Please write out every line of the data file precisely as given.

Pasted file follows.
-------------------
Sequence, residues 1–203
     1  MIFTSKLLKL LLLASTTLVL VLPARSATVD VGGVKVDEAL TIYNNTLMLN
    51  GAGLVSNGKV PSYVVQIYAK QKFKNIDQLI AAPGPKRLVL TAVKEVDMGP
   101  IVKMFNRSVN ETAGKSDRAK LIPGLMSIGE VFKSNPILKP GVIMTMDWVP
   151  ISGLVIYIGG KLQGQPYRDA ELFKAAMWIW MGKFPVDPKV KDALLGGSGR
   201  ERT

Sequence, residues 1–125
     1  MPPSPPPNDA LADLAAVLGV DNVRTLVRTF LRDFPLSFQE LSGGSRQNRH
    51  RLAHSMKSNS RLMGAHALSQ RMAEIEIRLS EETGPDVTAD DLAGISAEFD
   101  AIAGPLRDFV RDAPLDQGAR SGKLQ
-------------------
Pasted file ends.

Sequence, residues 1–203
     1  MIFTSKLLKL LLLASTTLVL VLPARSATVD VGGVKVDEAL TIYNNTLMLN
    51  GAGLVSNGKV PSYVVQIYAK QKFKNIDQLI AAPGPKRLVL TAVKEVDMGP
   101  IVKMFNRSVN ETAGKSDRAK LIPGLMSIGE VFKSNPILKP GVIMTMDWVP
   151  ISGLVIYIGG KLQGQPYRDA ELFKAAMWIW MGKFPVDPKV KDALLGGSGR
   201  ERT

Sequence, residues 1–125
     1  MPPSPPPNDA LADLAAVLGV DNVRTLVRTF LRDFPLSFQE LSGGSRQNRH
    51  RLAHSMKSNS RLMGAHALSQ RMAEIEIRLS EETGPDVTAD DLAGISAEFD
   101  AIAGPLRDFV RDAPLDQGAR SGKLQ